Wise CEO and co-founder Kristo Kaarmann.
LONDON – Wise, one of Britain’s largest fintech companies, is about to go public. And it will be a major test for post-Brexit London.
The money transfer company has chosen to list its shares directly on the London Stock Exchange, using an unusual listing method started by Spotify in the United States three years ago.
First operations at Wise are expected to begin shortly after 11:22 a.m. London time, according to the company’s prospectus.
What is wise?
Wise, formerly known as TransferWise, was founded in 2010 by Estonian friends Taavet Hinrikus and Kristo Käärmann. Frustrated with the high fees they faced to send money between the UK and Estonia, they came up with a new way to make cross-border transfers at the real exchange rate.
The service proved popular with the British and has rapidly expanded abroad. Wise claims to have more than 10 million customers who use its service to send £ 5 billion ($ 7 billion) across borders every month.
Wise competes with traditional bank transfer operators like Western Union and MoneyGram, as well as fintech upstarts like Revolut and WorldRemit.
Unlike many venture-backed tech companies, Wise has been profitable for years. The company broke even for the first time in 2017. In its 2021 fiscal year, Wise doubled profits to £ 30.9 million ($ 42.7 million) while revenue increased 39% to £ 421 million.
The largest shareholders in Wise are the founders Käärmann and Hinrikus, who own 18.8% and 10.9% of the company, respectively. The main outside investor in the new company is Peter Thiel’s Valar Ventures, who has a 10.2% stake in the business.
Early Käärmann and Wise investors will receive enhanced voting rights for five years after Wednesday’s listing thanks to a planned dual-class share structure. Tech giants like Facebook and Alphabet pioneered these kinds of ownership structures.
What is a direct listing?
It is an alternative to an initial public offering, or IPO, where a private company offers shares to the public for the first time.
Swedish music streaming service Spotify was an early adopter of the method, and it became public through a direct listing on the New York Stock Exchange in 2018. The US workplace messaging app Slack and the cryptocurrency exchange Coinbase have also gone public through direct quotes.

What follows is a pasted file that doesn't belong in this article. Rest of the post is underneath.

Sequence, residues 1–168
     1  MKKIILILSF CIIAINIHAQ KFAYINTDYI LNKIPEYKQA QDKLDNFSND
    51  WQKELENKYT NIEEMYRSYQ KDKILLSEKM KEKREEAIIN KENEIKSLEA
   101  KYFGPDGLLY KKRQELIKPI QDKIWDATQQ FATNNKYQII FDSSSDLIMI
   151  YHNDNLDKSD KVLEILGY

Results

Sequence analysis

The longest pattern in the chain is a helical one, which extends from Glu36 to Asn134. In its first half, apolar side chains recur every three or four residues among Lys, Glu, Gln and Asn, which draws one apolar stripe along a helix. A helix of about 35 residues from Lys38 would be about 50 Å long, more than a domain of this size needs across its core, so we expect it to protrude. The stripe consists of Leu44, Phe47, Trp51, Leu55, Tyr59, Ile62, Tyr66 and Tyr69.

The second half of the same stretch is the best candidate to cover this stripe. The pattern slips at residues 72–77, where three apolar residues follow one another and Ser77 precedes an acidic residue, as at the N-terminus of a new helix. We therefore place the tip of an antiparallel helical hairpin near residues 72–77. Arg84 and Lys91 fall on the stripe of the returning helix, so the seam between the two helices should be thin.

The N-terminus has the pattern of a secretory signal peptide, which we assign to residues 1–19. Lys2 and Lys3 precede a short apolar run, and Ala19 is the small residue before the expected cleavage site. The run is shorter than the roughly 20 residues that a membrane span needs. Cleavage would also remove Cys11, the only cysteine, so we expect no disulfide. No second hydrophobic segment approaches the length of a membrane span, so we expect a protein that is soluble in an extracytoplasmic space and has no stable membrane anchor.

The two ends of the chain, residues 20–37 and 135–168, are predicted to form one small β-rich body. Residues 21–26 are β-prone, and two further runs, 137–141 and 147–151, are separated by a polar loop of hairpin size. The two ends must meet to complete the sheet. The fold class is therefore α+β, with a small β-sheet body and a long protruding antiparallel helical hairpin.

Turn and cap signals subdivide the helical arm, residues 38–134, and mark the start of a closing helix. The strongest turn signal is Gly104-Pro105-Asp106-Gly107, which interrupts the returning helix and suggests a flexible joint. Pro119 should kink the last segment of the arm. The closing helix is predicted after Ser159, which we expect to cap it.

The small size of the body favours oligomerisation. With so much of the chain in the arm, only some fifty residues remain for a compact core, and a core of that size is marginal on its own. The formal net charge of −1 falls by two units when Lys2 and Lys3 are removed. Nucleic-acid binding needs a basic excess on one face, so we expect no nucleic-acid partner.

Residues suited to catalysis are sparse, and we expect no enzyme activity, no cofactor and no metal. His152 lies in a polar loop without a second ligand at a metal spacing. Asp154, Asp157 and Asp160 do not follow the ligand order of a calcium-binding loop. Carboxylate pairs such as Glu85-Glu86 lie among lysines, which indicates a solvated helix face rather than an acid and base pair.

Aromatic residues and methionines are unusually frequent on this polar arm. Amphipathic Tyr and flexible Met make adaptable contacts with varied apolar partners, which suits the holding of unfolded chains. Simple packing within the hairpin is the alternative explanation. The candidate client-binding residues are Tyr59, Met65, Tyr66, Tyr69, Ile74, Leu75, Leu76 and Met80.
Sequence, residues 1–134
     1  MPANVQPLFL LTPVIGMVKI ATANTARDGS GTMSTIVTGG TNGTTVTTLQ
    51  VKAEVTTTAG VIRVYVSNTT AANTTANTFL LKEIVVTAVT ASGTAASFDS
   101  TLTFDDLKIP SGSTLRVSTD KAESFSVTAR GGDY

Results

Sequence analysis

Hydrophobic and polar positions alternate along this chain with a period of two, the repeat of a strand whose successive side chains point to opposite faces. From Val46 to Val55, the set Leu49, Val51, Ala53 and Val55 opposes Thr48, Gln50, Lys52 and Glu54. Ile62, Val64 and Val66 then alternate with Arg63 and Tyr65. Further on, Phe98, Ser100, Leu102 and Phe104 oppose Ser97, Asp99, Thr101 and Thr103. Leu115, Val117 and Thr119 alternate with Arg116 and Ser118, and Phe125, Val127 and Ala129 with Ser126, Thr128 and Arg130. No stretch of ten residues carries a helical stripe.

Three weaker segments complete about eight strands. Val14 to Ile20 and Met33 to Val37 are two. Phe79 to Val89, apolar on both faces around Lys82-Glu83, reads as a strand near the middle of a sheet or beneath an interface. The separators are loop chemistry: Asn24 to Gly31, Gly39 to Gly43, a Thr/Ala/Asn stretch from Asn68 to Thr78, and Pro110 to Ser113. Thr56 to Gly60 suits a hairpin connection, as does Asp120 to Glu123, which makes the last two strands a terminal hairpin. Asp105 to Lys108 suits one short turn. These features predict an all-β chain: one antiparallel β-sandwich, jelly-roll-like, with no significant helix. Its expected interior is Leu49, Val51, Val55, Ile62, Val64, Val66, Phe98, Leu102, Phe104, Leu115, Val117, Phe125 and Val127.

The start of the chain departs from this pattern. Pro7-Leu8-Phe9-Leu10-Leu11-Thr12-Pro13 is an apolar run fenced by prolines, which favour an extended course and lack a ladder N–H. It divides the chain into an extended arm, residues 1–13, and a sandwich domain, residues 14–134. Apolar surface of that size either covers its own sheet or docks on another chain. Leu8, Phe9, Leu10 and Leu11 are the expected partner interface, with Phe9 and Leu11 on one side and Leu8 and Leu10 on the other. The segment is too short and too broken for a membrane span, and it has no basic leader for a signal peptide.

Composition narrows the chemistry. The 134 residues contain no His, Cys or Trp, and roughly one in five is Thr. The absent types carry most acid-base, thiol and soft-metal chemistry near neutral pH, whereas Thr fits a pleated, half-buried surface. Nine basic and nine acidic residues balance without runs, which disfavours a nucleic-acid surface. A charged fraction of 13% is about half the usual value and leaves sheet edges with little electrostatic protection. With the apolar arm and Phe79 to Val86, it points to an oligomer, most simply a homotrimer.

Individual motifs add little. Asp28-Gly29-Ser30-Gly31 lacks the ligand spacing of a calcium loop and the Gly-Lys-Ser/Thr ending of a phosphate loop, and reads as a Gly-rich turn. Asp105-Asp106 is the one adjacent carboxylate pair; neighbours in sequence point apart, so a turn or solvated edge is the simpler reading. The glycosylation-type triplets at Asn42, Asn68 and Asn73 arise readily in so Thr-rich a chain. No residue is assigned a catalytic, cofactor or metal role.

Unlike a traditional IPO, directly listed companies do not issue new shares or raise fresh capital. This process also avoids the need for investment bankers to underwrite the offer. However, Wise has the advice of banks such as Goldman Sachs and Morgan Stanley.
Tech founders and venture capitalists say direct listings can be a more attractive route to the stock market than an IPO, as it avoids paying high underwriting fees and potential stock mispricing.
Wise was last privately valued at $ 5 billion in a secondary sale of shares. Since it is listed directly, there is no pricing process like the one companies normally experience with an initial public offering, and the price of the stock will be determined by the market once it is listed.
Why does that matter?
Wise’s listing is a huge win for London, which is vying to attract more tech success stories following Britain’s exit from the European Union.
UK regulators are currently consulting on proposals to relax London’s listing regime and make it more attractive for tech companies to list in the capital.
It’s also a validation for the country’s burgeoning fintech sector, which has produced multi-million dollar unicorns like Revolut and Checkout.com and attracted $ 4.1 billion in venture capital investment last year.
However, Wise’s float will also be an important test for the city. Wise says its debut on the market will be the first direct listing of a technology company in London.
“It’s risky,” Russ Shaw, founder of Tech London Advocates, told CNBC. “This really hasn’t been done that often, especially with a fintech business.”
But he added: “They are a profitable business. They don’t have the baggage that Deliveroo brought to the table. “
The initial public offering of the food delivery company Deliveroo was rejected by large institutional investors due to concerns about its gig economy model and a dual-class share structure that gave founder Will Shu more than 50% of the voting rights. Deliveroo fell as much as 30% on its first day of operation.
Despite concerns about governance with such ownership structures, Wise said its dual class shares are structured in such a way that no existing shareholder will have more than half of the voting rights just from holding class B shares.